The Taylor Review has been published. Running to over 100 pages, it includes recommendations on a wide range of topics.
For some, the Review goes too far; for others, not far enough. Some of the recommendations are high on aspiration, but low on detail, and quite how they would be translated into practical reality is unclear.
It is important to remember that the Taylor Review has simply made recommendations. There is a consensus that change is required to bring UK law into line with current practices, and the review itself envisages that further consultation will be needed. But which of the recommendations ultimately become law, and in what form, remains to be seen.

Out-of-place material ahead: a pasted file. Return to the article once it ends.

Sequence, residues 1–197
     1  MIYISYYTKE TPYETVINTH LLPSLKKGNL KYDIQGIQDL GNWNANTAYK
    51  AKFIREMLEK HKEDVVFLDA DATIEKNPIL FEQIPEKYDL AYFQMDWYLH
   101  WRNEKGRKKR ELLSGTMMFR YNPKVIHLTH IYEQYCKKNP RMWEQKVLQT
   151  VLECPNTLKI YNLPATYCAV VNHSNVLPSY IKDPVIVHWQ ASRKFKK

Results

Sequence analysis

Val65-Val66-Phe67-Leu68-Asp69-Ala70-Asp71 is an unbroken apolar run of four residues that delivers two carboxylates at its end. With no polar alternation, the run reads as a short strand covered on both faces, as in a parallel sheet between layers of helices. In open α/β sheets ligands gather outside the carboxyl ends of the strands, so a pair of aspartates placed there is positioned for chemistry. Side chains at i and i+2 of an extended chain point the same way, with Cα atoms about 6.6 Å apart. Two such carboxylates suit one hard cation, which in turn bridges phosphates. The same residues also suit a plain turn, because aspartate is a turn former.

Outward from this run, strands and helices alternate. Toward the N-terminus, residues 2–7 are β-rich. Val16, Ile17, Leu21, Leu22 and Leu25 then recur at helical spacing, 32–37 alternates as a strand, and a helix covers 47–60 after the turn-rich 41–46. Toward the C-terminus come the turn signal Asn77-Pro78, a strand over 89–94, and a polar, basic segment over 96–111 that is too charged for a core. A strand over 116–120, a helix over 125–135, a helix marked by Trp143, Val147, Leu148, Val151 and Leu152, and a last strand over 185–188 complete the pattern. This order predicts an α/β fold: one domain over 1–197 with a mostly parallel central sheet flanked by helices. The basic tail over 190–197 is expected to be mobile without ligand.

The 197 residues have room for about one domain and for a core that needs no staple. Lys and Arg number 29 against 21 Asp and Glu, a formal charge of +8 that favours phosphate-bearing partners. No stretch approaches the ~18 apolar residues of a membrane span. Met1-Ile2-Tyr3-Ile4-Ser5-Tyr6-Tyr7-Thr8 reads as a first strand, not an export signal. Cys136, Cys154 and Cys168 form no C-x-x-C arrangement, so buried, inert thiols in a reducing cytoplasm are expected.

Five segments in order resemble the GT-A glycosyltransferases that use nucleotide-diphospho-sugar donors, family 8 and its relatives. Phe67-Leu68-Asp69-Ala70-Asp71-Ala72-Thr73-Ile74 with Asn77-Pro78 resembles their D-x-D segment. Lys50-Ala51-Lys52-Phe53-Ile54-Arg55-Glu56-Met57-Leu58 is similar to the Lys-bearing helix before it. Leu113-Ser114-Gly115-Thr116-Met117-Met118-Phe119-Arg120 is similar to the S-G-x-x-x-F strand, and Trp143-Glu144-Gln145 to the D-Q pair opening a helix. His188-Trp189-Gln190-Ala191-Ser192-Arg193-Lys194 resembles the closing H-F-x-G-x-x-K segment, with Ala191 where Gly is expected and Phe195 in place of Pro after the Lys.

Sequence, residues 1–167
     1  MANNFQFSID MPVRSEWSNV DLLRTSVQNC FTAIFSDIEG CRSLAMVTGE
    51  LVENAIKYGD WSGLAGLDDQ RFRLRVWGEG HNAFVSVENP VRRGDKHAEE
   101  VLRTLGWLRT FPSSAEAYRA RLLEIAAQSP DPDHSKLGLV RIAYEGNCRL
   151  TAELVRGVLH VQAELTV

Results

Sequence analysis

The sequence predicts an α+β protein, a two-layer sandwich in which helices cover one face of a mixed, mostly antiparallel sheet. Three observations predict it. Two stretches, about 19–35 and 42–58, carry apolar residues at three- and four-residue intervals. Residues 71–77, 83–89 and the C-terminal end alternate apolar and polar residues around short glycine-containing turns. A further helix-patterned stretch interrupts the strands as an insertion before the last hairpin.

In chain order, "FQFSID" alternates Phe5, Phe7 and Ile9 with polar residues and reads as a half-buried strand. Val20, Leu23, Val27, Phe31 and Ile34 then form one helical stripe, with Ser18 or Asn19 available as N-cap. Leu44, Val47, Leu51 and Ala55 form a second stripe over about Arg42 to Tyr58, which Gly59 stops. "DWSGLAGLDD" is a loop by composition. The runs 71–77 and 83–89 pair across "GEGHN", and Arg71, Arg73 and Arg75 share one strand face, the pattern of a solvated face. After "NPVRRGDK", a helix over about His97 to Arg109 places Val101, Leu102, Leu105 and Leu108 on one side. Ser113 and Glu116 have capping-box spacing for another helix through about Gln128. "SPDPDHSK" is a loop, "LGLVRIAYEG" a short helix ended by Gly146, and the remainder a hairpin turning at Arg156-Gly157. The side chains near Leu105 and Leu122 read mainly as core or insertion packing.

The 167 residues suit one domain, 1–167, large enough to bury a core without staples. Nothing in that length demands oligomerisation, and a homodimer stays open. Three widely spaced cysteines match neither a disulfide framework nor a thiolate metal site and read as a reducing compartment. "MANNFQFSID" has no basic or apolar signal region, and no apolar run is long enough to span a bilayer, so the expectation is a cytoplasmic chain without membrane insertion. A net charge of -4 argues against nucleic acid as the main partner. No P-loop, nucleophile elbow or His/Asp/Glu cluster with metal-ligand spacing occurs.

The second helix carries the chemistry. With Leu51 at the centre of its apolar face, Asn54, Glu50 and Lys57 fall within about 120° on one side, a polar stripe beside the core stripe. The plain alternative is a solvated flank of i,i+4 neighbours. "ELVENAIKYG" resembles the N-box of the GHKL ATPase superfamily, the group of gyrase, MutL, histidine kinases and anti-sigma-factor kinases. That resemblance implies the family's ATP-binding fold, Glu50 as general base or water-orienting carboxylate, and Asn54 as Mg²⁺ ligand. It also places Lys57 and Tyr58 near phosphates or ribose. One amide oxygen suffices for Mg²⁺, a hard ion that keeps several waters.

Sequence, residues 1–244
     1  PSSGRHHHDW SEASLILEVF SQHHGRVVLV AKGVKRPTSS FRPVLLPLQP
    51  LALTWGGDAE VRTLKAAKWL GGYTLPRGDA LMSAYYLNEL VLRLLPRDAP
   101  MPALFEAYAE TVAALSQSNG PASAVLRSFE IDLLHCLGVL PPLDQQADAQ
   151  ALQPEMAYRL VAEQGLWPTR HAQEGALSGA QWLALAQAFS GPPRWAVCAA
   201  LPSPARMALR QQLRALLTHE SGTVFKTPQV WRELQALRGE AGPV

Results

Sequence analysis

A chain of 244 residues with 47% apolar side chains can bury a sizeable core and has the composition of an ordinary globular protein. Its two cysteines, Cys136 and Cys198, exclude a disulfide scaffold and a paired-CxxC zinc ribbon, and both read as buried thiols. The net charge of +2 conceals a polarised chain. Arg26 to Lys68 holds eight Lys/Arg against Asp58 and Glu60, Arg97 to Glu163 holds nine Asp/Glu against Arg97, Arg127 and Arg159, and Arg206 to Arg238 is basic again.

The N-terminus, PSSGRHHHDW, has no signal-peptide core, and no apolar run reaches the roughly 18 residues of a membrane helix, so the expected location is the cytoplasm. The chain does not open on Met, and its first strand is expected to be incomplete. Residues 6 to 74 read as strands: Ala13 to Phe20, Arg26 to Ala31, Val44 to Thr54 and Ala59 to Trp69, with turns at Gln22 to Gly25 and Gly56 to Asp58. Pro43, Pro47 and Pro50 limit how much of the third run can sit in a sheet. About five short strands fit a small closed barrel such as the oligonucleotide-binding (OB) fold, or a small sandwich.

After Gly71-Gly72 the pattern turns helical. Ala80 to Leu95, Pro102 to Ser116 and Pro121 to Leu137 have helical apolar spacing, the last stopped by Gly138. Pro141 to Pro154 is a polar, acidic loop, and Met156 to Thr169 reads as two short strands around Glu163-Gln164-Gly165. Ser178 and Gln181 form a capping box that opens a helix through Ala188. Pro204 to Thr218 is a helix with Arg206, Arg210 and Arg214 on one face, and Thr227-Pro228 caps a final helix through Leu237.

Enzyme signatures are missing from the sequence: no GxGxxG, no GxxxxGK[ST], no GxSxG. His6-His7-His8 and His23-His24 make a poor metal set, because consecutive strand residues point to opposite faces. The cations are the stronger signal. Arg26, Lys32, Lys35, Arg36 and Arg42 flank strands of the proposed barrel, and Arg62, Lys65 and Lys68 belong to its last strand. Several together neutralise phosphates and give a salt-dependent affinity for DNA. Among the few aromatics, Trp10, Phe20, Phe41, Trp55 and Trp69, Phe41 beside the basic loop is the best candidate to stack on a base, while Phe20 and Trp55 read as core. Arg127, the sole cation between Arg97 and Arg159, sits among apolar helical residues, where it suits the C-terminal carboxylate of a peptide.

In terms of understanding the direction of travel, however, the Review is essential reading for anyone with responsibility for HR or workforce management.
Much has been written about the Review in the media, not all of it accurate. If you don’t fancy reading the whole review, we have produced a reliable summary – you can scan through it quickly to digest the information you need.
The review includes many interesting suggestions; but we would suggest that the top three issues are:
- Employment status: worker status should be retained; with new legislation bringing clearer definitions of employees, workers and the self-employed.
- Tax: all workers should be employees for tax purposes; confirms the move towards consistency in taxation between the employed / self-employed.
- Zero-hours workers: potential higher national minimum wage for non-guaranteed working hours; right to request guaranteed hours after 12 months.
Here’s a link to our reliable summary.